No one talks about it much, but NASA dodged a bullet last time we sent people to the moon. Right in between two of the Apollo missions, the sun belched a massive cloud of radiation that struck the lunar surface. If Neil Armstrong’s Giant Leap for Mankind was happening then, he’d have been hit with so much of the fallout he’d probably have puked in his suit. With this level of radiation sickness, and without treatment, even death couldn’t be ruled out. The human body is not designed for space travel.
It’s a thought to keep in mind as NASA prepares for the first launch of its next moonshot – the Artemis program. The goal is to have American moonboots back on the surface by 2025, and the first stage in the program is the launch of Artemis I.
The NASA moon rocket at the Kennedy Space Centre before the Artemis 1 mission to orbit the moon at the Kennedy Space Centre.Credit:AP Photo/Brynn Anderson
Luck hasn’t been on NASA’s side with this though: there have been two aborted blast-off attempts so far and their engineers are currently trying to solve a fuel leak problem.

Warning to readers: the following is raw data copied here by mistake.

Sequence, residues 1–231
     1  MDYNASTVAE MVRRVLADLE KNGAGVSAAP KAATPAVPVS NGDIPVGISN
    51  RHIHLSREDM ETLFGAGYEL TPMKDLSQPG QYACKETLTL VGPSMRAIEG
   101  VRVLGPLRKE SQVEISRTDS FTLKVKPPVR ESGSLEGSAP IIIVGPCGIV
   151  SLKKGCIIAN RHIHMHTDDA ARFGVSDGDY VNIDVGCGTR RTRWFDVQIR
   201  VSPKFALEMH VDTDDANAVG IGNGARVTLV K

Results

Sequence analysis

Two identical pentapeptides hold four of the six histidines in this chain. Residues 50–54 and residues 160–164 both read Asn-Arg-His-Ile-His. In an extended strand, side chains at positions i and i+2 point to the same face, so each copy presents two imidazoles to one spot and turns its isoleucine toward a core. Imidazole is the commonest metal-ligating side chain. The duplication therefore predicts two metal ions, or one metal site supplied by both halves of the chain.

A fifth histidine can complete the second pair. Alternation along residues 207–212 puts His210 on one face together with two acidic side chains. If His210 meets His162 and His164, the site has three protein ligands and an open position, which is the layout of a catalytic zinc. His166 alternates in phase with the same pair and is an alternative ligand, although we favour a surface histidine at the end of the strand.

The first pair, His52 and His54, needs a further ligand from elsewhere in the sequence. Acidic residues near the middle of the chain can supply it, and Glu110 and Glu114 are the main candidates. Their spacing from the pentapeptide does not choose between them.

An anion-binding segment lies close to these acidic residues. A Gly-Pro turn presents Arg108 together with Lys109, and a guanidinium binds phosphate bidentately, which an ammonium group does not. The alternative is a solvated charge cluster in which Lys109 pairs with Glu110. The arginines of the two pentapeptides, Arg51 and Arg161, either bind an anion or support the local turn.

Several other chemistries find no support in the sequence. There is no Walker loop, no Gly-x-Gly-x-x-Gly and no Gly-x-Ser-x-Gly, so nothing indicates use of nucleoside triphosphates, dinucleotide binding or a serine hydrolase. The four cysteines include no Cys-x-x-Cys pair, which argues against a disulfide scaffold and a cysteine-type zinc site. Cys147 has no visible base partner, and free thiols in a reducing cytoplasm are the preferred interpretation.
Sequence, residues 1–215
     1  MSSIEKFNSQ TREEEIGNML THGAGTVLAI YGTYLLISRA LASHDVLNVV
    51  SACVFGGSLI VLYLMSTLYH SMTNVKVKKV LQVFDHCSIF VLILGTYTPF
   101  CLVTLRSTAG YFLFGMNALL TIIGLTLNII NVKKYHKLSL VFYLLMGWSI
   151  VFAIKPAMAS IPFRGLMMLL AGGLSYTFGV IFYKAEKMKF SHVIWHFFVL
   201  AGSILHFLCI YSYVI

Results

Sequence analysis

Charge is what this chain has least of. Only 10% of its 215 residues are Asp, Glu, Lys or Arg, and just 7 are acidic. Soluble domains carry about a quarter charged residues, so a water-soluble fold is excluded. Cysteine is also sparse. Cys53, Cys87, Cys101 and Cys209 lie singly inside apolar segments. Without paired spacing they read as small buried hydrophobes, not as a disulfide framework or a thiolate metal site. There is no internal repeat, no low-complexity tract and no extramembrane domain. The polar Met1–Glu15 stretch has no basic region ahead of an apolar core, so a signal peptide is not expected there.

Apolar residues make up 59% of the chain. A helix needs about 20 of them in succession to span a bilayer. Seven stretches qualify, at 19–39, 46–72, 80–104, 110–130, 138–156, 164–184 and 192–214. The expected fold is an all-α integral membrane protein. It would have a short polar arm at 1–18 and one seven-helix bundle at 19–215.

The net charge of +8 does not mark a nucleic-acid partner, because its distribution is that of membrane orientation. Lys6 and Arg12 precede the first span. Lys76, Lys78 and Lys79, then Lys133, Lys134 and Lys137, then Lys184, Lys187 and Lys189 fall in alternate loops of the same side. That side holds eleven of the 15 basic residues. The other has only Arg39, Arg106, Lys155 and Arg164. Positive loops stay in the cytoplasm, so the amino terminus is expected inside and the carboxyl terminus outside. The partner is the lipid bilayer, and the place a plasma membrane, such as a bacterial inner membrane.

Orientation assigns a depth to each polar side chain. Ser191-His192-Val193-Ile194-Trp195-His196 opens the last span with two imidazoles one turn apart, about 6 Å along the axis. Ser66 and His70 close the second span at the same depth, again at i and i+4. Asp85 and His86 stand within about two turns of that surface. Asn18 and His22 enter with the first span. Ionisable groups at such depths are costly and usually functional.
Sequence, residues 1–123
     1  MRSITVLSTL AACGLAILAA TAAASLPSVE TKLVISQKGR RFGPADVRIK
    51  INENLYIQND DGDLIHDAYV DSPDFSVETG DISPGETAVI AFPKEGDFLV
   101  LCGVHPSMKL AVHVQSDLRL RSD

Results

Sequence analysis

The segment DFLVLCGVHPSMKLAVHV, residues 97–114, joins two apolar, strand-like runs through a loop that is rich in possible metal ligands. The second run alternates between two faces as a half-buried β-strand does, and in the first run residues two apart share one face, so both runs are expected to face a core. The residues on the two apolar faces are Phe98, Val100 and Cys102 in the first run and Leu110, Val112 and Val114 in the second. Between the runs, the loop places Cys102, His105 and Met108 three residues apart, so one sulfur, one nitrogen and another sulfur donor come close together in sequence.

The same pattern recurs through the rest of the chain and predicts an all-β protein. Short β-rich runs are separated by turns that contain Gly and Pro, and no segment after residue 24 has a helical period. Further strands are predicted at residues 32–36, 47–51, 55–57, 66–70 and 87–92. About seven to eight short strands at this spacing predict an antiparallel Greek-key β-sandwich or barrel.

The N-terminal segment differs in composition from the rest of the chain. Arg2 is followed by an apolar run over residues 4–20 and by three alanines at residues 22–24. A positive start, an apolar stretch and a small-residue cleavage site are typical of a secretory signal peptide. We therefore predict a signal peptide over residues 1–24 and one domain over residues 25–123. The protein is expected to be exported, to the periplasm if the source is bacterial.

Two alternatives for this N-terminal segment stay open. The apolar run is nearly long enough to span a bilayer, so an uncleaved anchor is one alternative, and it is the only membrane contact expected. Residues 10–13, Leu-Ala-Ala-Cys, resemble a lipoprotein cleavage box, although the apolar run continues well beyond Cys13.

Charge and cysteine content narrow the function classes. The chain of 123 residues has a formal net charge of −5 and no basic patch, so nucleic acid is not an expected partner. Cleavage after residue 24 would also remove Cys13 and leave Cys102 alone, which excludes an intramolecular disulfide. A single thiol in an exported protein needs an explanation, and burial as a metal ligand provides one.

While this maiden voyage will go to the moon, it will not land – it’ll just be a few orbits and then back home to Earth. But even on a journey like this the space capsule will be exposed to the sun’s radiation wrath. If our fiery orb does let loose, the crew on board would be exposed. Although on Artemis I there is no drama as the crew are mannequins. They’ll be fitted with all sorts of equipment and sensors, like souped up crash test dummies, and among other things, will measure the radiation levels human crews will be exposed to on the trip. That way, hopefully, NASA can come up with good protections for both the journey and on the lunar surface.